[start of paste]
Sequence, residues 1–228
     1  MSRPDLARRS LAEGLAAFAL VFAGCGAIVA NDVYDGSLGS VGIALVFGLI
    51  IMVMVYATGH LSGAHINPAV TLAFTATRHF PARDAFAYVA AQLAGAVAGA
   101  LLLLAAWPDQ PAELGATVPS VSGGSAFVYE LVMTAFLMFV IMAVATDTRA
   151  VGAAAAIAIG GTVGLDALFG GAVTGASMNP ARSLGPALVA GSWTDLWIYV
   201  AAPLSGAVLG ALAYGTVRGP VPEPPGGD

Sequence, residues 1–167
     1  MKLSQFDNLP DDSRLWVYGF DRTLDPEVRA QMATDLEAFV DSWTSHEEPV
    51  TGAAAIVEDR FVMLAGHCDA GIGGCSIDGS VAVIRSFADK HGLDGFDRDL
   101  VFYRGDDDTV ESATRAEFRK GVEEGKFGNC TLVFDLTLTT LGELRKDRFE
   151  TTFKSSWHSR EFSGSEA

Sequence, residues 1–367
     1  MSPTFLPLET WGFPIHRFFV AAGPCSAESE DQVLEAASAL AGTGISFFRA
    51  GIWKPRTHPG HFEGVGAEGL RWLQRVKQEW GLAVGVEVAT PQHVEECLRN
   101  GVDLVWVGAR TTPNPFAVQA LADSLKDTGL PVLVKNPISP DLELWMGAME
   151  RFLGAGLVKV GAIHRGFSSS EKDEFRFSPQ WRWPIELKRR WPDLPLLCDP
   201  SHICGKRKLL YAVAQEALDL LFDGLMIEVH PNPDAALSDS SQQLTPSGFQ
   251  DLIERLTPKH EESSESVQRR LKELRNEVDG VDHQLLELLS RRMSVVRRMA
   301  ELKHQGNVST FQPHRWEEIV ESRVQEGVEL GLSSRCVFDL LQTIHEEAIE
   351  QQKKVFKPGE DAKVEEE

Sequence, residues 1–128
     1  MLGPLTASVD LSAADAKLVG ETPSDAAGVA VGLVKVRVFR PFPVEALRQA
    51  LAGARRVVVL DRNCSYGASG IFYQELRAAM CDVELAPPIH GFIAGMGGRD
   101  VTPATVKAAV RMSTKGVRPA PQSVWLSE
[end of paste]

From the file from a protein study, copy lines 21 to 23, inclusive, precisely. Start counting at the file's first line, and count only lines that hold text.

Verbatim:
Sequence, residues 1–128
     1  MLGPLTASVD LSAADAKLVG ETPSDAAGVA VGLVKVRVFR PFPVEALRQA
    51  LAGARRVVVL DRNCSYGASG IFYQELRAAM CDVELAPPIH GFIAGMGGRD